Why you shouldn’t take nutrition science at face value

KEYSTONE (AP Photo/Matthew Mead)

The never ending egg conundrum: is it good or is it bad for you? The findings of a research published in JAMA on the benefits of eggs in one’s diet, were quite alarming. Two large eggs a day could increase a risk of cardiovascular disease and death by 17 percent. This led to an interesting reflection in Undark on the value of nutrition science as a whole and it’s reliability.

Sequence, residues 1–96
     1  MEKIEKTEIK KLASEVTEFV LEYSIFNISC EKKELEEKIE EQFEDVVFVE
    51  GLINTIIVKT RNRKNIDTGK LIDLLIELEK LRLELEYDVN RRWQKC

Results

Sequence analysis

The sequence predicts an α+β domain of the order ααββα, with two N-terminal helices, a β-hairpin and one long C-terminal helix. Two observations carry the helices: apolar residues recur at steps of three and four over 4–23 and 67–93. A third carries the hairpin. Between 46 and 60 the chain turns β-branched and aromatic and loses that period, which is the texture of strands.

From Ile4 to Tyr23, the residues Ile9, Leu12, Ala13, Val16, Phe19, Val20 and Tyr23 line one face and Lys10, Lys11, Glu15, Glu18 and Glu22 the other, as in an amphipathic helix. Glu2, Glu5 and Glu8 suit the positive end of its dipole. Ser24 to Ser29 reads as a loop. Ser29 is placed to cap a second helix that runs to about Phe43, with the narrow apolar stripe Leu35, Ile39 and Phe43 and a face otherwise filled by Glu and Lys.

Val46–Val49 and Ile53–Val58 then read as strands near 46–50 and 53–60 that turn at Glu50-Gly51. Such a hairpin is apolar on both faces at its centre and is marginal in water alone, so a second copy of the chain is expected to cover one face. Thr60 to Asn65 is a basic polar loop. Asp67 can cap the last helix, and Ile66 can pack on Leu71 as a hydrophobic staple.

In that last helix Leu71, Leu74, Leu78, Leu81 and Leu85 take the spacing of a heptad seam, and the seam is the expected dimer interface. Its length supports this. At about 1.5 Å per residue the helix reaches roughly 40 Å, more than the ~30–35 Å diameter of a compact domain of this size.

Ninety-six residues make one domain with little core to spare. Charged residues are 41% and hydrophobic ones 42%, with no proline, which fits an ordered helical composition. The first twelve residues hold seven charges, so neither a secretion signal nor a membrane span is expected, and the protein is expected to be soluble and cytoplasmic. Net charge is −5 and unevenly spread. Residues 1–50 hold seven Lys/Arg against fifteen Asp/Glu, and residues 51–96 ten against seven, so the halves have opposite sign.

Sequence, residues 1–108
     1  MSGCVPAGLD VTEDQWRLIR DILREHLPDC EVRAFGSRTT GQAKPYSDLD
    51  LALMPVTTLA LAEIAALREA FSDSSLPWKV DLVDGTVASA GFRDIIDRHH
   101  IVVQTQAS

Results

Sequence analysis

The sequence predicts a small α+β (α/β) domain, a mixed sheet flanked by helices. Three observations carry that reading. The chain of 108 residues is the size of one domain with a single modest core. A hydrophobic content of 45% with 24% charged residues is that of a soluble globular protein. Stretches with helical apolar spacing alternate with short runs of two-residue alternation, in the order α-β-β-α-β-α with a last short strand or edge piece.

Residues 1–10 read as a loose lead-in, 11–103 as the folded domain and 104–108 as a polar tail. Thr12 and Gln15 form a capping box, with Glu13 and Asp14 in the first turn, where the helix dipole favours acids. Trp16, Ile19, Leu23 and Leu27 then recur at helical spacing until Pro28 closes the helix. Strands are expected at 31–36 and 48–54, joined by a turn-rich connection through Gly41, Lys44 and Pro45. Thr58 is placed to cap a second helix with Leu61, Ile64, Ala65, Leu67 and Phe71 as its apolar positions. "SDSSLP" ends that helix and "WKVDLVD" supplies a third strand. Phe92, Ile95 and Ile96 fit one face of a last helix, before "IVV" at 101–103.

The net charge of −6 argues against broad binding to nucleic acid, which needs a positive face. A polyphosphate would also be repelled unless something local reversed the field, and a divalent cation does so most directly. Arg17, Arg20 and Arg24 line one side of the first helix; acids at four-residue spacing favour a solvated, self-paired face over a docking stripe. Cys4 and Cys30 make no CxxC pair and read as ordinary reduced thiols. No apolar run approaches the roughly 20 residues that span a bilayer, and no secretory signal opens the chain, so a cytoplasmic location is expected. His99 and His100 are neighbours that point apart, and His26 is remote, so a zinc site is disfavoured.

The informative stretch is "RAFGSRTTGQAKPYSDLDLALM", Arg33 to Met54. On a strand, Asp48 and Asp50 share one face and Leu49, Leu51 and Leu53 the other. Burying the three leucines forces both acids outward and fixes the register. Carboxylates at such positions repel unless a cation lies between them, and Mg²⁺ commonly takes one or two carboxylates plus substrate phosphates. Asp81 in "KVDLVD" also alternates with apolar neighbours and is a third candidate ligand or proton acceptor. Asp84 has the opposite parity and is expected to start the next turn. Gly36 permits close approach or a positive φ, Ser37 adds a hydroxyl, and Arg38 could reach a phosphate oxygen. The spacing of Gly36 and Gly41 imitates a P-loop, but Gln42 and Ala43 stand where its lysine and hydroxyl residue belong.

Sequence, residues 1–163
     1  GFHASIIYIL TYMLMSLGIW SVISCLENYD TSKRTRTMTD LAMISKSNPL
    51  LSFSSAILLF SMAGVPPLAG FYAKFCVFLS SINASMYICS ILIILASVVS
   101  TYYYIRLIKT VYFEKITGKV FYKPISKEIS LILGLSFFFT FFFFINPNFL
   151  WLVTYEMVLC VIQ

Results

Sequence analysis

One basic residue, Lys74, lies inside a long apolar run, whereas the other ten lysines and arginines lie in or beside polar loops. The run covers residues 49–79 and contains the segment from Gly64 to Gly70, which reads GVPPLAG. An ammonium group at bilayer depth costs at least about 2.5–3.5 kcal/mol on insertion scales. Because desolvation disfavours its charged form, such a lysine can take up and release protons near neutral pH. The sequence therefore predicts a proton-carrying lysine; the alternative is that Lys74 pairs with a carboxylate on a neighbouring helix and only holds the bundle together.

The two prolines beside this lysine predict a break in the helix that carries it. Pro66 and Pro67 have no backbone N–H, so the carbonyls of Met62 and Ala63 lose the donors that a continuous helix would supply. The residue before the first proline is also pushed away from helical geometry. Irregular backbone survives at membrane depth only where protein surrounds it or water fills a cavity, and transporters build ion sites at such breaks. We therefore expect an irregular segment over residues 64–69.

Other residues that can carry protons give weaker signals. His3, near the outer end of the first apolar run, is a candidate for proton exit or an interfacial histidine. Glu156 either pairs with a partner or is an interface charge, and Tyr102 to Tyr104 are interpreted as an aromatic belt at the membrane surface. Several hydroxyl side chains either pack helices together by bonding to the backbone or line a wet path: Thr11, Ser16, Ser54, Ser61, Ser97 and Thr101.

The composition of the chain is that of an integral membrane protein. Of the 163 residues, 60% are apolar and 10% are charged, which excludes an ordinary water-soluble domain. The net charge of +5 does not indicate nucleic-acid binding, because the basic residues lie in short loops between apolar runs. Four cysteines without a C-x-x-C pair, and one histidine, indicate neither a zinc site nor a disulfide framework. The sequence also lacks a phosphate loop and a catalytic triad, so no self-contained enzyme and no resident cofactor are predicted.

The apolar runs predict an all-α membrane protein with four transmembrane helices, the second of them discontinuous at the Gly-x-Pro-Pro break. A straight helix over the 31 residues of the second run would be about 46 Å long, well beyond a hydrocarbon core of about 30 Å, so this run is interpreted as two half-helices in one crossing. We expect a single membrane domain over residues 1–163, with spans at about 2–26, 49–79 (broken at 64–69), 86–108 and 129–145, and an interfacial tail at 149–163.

Why it’s relevant. According to Undark, nutrition science is most often based on observational studies. These methods are essentially surveys and tend to be imprecise. for the author, the reason could be that people don’t often remember what they ate precisely, therefore the margin for error is quite big. As a result of that, Undark advises to simply be wary of the new healthy food trends, the evidence aren’t always there.


Read the full article on Undark